Wednesday, March 7, 2012

Brett Whiteley ponders fate


Harry Kent, Brett Whiteley ponders fate, oil on canvas, 50x60cm

I'm seeking to make non-conventional images about an unconventional painter - my own images that express something of my own sense of the man and his art.

Why paint this way? I'm searching for expressive power and freshness. I'm turning to pure colours straight from the tube, mixing only on the canvas, for freshness and saturation. I'm turning to colour to carry emotion rather than produce accurate physical likeness.

How to render hair in a way that is not simply 'painting in'? How instead to trust in the agency of the medium to supply a myriad of marks which suggest hair texture? How to rely on plastic qualities of oil paint like paint viscosity, fluid dynamics of solvents, effects of suction and gravity? How to do enough yet not do too much?

detail from Brett Whiteley ponders fate

This painting is part portrait and part Rorschach. It was made the same way an inkblot is made.

Its ambiguous marks rely on the viewer to read form and meaning into the work.

Without the viewer this portrait would not be complete.

So thank you, gentle viewer, for visiting this blog and finishing this portrait for me.


Sunday, March 4, 2012

Brett Whiteley tangled up in blue


Harry Kent, Whiteley tangled up in blue
oil on paper, 30x42cm

"I became withdrawn
The only thing I knew how to do
Was to keep on keeping on

like a bird that flew
Tangled up in blue."

                            Bob Dylan, Tangled Up In Blue

This is a series of 16 monoprints in oil on  29.5x42cm A3 Canson Oil Sketch 290gsm paper.

Although i call it monoprinting, actually sixteen impressions were made from a single image painted by brush onto plastic sheet. Impressions were taken by hand using an linoprint roller. Therefore pressures were inconsistent from one print to the next. I regarded that as a plus rather than a minus for it introduced some random vagaries that stopped the whole exercise simply becoming mechanical.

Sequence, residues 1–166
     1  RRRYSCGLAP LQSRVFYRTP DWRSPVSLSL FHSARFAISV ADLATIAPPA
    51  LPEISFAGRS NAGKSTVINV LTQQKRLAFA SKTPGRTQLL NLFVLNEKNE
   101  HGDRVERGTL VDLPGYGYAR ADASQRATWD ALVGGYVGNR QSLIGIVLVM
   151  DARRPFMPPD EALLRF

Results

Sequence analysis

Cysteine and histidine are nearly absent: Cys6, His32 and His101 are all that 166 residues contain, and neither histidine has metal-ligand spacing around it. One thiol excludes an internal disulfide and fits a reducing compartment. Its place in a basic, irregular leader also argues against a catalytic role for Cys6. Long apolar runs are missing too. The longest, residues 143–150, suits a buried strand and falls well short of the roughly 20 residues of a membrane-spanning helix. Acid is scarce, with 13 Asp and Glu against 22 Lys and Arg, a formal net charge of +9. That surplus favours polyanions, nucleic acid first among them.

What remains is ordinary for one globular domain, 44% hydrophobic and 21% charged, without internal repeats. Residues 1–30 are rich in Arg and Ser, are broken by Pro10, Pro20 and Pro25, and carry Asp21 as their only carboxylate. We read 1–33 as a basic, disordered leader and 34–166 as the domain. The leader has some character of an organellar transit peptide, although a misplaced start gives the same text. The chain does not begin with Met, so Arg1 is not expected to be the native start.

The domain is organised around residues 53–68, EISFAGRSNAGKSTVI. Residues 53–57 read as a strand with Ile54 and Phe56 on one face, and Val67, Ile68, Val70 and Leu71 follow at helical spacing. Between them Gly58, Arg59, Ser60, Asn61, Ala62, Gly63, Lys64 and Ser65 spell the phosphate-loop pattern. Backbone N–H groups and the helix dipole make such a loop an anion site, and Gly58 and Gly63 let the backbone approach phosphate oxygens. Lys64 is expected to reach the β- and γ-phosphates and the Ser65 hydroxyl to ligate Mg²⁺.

They are intended to viewed as a single work that traces the fading of image from heavy impasto  until only a ghost remains. If ever exhibited, they would be hung beside each other in a horizontal run along a wall at face height. Or maybe in 4 x 4 grid 118 x 168 cm as a single work.

Not so visible in photographs is the Viridian of the shadow side of the figure's face. However, it virtually spent by the 6th printing.

The dominant colours however are Ultramarine and Prussian Blue contrasting with the red-orange of the figure's hair. Brett Whiteley had red hair in real life though the colour has now taken on symbolic overtones for me. In my iconography his red hair repersents his passion and creative fire. Ultramarine is Brett's wild blue yonder where all things are possible while Prussian Blue is the darkness in his soul.

As the series advances the fire is gradually extinguished and darkness subsumes the figure.

As i worked, i also had my earlier drawing Brett Whiteley fades away in mind which was a response to a critic's comment:
"there is something unsettling in the way the BWS [Brett Whiteley Studio] is part gallery and part shrine to the memory of man who was once vital, and then faded away."

You can read the resulting discussion here.